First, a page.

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NTI | bio Brings Clade X to the Hill: A Pandemic Simulation

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On July 17th, NTI | bio of the Nuclear Threat
Initiative partnered with the 
Johns Hopkins
Center for Health Security
PATH, and the Global Health Council, with
support from the 
Open
Philanthropy Project
, to
bring together congressional staff across committees to highlight the
challenges of detecting and responding to an outbreak caused by a novel
pathogen. Clade X: A Global Health Security Simulation was
designed to demonstrate that biological threats must be given the
same priority as other major international security priorities because
infectious disease outbreaks – whether naturally occurring, deliberate, or
accidental – can kill millions, costs billions, and exacerbate political and
economic instability and insecurity.  

Carolyn Reynolds, vice
president of PATH, described how and why outbreak preparedness is increasingly
crucial to prevent loss of life, economic declines, and destabilization —in the
United States and abroad. She reminded participants that the response to the
2014-16 Ebola outbreak in West Africa cost U.S. taxpayers billions of dollars
and resulted in deployment of the U.S. military, and Liberia, Sierra Leone, and
Guinea suffered a devastating loss of life and continue to feel the economic
impact. 

Tom Inglesby, director of
the Johns Hopkins Center for Health Security, moderated the simulation in which
a previously unidentified pathogen, Clade X, causes a parainfluenza outbreak in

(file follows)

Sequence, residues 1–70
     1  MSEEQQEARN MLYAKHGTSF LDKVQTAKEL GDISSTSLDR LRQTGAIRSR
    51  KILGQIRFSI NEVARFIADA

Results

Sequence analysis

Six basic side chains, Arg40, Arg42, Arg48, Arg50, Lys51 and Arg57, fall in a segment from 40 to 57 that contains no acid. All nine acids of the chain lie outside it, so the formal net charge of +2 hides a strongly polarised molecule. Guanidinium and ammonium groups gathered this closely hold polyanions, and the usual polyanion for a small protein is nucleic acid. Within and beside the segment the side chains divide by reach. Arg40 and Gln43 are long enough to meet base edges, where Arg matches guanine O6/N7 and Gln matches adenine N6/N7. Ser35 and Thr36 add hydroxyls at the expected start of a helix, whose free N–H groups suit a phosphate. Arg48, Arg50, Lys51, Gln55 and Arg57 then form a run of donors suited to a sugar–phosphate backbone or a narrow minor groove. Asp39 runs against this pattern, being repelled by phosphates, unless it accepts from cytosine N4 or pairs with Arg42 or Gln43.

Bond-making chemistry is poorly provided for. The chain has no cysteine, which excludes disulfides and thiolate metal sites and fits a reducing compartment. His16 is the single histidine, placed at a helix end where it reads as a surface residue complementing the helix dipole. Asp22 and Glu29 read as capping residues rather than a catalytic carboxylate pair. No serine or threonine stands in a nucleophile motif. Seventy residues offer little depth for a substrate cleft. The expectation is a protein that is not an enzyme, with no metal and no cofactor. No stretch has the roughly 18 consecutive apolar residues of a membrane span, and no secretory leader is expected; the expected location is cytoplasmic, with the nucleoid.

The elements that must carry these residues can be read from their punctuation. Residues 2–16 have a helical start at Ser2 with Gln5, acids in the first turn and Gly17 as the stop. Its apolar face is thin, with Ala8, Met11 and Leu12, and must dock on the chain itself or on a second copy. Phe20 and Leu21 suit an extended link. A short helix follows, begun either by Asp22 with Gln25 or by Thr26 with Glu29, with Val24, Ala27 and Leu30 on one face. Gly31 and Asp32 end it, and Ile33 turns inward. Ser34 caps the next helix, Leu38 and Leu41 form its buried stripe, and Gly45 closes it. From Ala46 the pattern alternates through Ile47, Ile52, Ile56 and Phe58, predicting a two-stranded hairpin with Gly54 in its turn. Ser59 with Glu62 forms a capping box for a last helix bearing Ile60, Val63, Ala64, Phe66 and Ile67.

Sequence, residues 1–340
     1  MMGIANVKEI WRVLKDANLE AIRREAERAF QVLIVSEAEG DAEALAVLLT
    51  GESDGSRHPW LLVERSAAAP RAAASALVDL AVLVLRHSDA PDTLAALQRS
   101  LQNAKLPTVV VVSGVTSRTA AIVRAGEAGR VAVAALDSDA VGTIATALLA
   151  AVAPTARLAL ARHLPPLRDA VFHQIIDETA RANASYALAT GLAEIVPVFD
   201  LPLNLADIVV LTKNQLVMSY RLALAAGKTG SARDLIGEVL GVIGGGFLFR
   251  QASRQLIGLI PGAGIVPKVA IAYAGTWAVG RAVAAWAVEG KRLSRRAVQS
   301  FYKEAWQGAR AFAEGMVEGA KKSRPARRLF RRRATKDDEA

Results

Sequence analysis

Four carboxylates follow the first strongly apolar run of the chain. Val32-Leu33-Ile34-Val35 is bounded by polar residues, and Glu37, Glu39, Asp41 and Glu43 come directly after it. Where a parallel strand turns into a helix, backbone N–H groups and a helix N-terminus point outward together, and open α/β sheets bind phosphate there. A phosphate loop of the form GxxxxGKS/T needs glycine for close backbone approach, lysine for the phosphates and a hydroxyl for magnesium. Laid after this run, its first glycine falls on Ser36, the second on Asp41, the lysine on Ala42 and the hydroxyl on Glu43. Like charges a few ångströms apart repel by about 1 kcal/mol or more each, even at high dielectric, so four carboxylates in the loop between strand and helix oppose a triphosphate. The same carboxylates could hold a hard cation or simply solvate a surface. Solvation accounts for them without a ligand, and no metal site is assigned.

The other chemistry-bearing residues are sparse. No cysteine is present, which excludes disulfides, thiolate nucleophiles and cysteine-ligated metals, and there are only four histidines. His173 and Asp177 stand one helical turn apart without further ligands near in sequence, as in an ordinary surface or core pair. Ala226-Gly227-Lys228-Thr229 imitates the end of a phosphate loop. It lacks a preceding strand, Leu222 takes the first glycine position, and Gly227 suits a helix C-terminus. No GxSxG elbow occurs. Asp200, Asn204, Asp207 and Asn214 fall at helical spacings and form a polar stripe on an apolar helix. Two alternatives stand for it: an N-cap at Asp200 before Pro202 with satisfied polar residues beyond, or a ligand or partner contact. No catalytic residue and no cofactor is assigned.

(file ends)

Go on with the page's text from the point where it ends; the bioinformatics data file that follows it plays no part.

Germany, Venezuela, Niger, and, ultimately, in the United States. While the
events, administration, and political climate were fictional, the situation
presented was realistic. Congressional staff had to decide what to do in
response to the fast-moving outbreak, igniting a discussion about bi- and
multi-lateral cooperation with other governments, the potential deployment of
experts for protection and logistical support, and overall budget needs for an
adequate response.  

Beth Cameron, vice president for Global
Biological Policy and Programs at NTI, highlighted the importance of continued
U.S. Government leadership, including through the U.S. Centers for Disease
Control and Prevention, the U.S. Agency for International Development, and
the Departments of Defense and State global health security-related programs.
As the Global Health Security Agenda enters its next five years, the United
States, together with partners around the world, will continue to play a
crucial role in the effort to build sustainable, measurable international
capability to prevent, detect, and rapidly respond to future outbreaks. 

This simulation was adapted from
the daylong tabletop Clade X Pandemic Exercise
hosted by the Johns Hopkins Center for Health Security in May 2018. The exercise
simulated a series of National Security Council–convened meetings of ten U.S. Government
leaders played by individuals prominent in the fields of national security or
epidemic response. The simulation illustrated high-level strategic decisions
and policies needed to prevent a severe pandemic or diminish its consequences
should prevention fail.

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